What’s more, with consumer demand and local business (supply) online, technology companies will be able to automate critical aspects of the local marketing workflow, writing algorithms to bring together back-office systems (e.g. payment processing, point-of-sale, and scheduling) and marketing in a dramatically more efficient, scalable manner. Demand-side companies like Yelp have already begun the shift, establishing partnerships with supply-side players, and we believe that the firms that will see the most growth over the next four to five years will work to bring together supply and demand through internal product development or industry partnerships.
In the new report, Street Fight takes a look at the impact of supply-side technologies on the local marketing industry, detailing the opportunities and risks that these emergent services present to existing companies. An accompanying industry chart shows where a handful of hyperlocal companies lie on the continuum of supply- and demand-side offerings.
Here are three key impacts:
Closing the Loop
The emergence of cloud-based operations software may finally offer a solution to developing online-to-offline metrics. These systems provide vendors with a scalable back door into a local business’s day-to-day operations, allowing vendors to push users who see an ad directly into a businesses booking or payment engine, for instance, without complex and costly integrations. Newer in-store systems – from point-of-sale to wi-fi analytics tech – can also better measure conversions in-store, by substantially reducing the friction in implementing a trackable ID (e.g. a coupon) or mobile payment integration.
Maybe the most disruptive impact that automation will have is on the way local marketing campaigns are planned, bought, and executed. There’s a massive opportunity in automating planning and creative decisions based on real-time business data, creating new ways for businesses to leverage the existing technology at a fraction of the cost.Vendors can simply plug into an existing data stream generated by the operations software and use algorithms to programmatically produce creative and execute campaigns. In the same way Google Now can surface relevant content based on our past actions, vendors can automate marketing decisions in real-time without any adding meaningful costs for the marketer.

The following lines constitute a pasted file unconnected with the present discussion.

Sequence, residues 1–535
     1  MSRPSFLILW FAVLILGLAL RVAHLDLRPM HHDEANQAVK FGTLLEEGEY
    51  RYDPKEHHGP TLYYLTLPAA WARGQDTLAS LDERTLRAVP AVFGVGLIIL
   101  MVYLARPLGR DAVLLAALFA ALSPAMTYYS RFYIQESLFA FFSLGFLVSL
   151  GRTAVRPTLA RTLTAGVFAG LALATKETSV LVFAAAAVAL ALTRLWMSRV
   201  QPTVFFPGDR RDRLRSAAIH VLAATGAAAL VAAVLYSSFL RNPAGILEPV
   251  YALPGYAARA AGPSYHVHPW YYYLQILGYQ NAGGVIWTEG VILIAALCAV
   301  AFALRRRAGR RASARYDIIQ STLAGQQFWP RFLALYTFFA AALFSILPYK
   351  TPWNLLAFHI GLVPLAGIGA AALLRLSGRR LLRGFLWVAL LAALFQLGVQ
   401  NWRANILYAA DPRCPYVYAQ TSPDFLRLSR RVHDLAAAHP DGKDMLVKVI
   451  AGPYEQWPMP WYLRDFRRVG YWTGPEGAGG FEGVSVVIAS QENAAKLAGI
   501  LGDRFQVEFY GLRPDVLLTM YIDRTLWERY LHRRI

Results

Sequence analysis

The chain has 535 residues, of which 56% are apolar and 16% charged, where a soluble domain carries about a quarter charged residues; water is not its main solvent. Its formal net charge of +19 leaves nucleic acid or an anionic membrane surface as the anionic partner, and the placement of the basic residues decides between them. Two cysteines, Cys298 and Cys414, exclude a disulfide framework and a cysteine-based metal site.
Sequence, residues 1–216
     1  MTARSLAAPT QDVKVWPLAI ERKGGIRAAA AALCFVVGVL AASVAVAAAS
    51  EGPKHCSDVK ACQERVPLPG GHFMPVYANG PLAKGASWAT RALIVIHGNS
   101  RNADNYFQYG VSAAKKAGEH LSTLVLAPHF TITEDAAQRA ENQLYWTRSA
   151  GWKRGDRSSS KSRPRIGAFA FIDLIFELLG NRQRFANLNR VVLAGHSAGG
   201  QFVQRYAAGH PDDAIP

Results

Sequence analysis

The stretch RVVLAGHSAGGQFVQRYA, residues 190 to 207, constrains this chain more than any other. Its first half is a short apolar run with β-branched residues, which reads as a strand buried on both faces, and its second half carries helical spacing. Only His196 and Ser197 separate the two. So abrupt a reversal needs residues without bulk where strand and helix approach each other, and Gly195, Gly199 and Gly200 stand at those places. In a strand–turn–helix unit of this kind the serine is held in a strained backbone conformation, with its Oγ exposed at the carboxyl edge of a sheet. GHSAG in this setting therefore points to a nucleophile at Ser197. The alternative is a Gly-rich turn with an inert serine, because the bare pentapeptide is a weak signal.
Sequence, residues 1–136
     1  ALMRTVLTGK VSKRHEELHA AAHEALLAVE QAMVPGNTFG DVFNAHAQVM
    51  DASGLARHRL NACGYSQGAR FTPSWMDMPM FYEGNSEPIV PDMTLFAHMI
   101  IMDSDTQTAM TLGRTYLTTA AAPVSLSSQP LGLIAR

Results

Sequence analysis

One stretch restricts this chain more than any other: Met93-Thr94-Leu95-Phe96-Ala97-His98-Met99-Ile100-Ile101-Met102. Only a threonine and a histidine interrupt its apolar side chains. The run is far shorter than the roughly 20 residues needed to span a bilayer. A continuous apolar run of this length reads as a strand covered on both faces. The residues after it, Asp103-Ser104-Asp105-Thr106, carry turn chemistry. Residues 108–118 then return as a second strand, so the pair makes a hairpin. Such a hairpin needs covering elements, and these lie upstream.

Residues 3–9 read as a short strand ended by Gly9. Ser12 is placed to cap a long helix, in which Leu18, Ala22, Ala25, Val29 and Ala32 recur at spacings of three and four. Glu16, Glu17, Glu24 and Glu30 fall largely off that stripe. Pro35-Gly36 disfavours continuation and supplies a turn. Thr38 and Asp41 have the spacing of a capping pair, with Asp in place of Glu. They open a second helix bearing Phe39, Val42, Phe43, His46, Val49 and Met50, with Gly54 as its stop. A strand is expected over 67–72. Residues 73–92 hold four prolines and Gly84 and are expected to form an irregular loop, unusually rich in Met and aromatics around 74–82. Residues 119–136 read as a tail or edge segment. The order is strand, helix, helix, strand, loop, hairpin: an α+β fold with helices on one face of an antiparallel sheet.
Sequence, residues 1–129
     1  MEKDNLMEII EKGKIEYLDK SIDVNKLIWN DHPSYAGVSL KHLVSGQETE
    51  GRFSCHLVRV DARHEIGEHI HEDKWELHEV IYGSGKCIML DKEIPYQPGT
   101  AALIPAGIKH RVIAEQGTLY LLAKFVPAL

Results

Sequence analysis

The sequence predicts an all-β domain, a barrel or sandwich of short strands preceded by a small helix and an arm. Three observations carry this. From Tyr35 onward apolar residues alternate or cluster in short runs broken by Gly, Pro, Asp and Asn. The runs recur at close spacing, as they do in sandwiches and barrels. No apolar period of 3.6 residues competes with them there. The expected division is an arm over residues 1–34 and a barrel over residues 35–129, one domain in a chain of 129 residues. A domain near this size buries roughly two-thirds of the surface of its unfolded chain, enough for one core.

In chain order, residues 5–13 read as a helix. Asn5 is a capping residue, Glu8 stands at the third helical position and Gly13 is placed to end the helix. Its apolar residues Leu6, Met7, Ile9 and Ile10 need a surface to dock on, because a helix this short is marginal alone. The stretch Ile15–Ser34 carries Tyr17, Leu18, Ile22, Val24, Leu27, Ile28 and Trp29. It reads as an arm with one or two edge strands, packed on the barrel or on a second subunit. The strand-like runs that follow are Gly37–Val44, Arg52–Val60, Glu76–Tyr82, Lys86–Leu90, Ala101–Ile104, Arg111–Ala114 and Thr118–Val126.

A Platform Economy in Local Marketing
What’s emerging is a “platform economy” in the local technology sector similar to third-party developer ecosystems built by Salesforce and Apple in their respective enterprise and consumer software markets. The back-of-the-house products will effectively manage the master data of the business, and provide key services for the target business, and then function as a development platform and software marketplace for enterprise applications. This will dramatically reduce the sales and support costs associated with scaling a local marketing services business, providing the infrastructure needed to do scale without sacrificing shrinking margins.
Read the report, “How Back-Office Innovation is Transforming Local Marketing.”
Steven Jacobs is
Deputy Editor of